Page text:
Hillary Clinton is now officially the Democratic nominee for President, and the Party is beginning the road to unity once again. However, there are still some who are disenchanted with the primary results and plan to vote for Jill Stein and her Green Party this November. Not only will these people throw away their vote, but they will help contribute to what prevented Al Gore from taking office and allowing the Decider-in-Chief, George W. Bush, to push our country into debt and a war we should not have entered.
I am a proud Democrat, but I am also a strong critic of our two-party system. I love our federal system of government but wonder what it would look like if we had a more vocal libertarian faction, a more organized labor party, and yes, a strong green party. But in order for these voices to have a seat at the table they need to gain legitimacy for themselves on the ground. Currently, the Green Party holds zero seats in the United States Senate, zero seats in the House of Representatives, zero governorships, and zero seats in any state legislature. The party needs to stop only running candidates for the highest office in the land, and first prove they can win elections on the state and local level.
In all seriousness, the Green Party platform is actually perfectly suited for state and local change, concentrating heavily on environmental science and social justice. What better way to effect change is there change than running for the school board in West Virginia to ensure the children of coal miners are exposed to environmental science? There is none. Is there a better way to improve police and community relations than electing a sheriff who acknowledges the problems in the criminal justice system and trains her deputies accordingly? No, there isn’t. While it is true that our federal representatives can and should do more to fix these problems, we as citizens also have local governments and agencies that are in place to enact direct change. The Green Party’s refusal to acknowledge these institutions is essentially preventing the legitimization of their national platform.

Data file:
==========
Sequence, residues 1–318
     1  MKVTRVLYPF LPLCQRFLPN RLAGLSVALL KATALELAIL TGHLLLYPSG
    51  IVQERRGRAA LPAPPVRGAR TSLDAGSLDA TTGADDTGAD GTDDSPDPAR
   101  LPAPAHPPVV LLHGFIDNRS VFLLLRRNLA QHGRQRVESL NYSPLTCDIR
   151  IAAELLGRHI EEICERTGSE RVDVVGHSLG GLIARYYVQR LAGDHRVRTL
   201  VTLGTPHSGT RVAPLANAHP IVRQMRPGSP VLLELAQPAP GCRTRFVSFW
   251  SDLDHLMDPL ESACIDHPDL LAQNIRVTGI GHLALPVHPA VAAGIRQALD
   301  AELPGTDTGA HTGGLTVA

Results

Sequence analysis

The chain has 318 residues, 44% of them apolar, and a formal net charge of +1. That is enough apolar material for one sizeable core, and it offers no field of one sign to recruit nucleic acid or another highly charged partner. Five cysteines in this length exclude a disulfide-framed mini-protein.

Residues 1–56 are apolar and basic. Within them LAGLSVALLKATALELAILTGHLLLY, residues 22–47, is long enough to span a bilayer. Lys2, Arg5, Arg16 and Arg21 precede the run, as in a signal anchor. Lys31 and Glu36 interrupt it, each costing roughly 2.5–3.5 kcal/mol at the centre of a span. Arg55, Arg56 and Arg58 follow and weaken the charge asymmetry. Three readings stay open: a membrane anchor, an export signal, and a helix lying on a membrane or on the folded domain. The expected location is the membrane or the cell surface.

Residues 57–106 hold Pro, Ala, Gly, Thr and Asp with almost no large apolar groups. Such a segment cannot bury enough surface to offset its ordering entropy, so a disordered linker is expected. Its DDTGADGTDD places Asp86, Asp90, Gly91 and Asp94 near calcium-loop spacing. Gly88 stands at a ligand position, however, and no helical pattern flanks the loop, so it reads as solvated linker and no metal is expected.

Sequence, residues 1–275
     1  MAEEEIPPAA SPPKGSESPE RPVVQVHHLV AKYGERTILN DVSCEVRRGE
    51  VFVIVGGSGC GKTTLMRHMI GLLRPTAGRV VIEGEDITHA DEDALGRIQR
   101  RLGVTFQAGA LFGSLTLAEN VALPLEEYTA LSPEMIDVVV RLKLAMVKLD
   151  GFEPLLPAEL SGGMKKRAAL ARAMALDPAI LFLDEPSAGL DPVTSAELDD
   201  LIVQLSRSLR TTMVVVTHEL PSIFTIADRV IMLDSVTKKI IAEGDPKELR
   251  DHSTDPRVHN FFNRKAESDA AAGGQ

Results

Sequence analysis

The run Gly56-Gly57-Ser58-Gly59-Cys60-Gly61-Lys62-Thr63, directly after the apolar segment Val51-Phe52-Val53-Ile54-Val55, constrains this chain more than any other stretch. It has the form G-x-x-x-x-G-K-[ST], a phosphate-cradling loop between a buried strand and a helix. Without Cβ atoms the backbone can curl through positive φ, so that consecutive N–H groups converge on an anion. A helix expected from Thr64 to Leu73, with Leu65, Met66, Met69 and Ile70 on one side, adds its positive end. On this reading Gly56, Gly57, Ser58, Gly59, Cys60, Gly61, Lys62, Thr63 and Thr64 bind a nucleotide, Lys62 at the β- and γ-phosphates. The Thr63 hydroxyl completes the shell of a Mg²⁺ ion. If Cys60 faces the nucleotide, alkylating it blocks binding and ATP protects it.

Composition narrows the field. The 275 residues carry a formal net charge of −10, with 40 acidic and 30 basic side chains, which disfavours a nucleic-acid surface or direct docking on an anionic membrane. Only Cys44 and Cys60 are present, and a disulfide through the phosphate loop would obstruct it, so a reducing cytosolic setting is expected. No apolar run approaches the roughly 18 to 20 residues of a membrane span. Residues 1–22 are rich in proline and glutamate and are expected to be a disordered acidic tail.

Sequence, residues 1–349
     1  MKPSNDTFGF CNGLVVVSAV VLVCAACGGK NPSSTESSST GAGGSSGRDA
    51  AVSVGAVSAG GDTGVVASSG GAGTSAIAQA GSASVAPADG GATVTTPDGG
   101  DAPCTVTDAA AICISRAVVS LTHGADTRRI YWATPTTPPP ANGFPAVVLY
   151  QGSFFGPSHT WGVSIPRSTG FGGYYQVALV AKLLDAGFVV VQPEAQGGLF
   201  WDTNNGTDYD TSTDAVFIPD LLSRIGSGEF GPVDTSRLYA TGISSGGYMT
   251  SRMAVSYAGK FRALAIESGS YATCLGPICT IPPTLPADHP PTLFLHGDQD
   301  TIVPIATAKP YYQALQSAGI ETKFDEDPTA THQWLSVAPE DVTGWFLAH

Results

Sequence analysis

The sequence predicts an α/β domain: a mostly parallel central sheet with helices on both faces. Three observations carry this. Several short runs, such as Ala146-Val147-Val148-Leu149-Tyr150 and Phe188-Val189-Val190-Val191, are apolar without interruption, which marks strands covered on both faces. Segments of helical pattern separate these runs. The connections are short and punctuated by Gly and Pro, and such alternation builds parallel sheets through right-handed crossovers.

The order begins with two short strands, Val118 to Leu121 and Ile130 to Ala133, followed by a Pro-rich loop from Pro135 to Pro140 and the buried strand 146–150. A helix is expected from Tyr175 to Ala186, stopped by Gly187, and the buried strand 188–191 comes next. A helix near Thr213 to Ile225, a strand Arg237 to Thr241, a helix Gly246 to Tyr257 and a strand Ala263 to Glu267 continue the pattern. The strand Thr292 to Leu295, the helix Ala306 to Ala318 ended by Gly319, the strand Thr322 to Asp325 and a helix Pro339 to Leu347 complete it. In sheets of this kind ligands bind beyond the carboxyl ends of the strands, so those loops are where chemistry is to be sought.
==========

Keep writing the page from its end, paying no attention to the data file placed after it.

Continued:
Although the Green Party has refused to target these types of positions that can have a real impact, their current presidential candidate claims on her facebook page that “It’s In Our Hands.” Well, it’s not. The Green Party has nothing in their hands. They control nothing and therefore can change nothing. Their party mentality is that of a casual, apathetic voter, emerging every four years but neglecting midterm and special elections.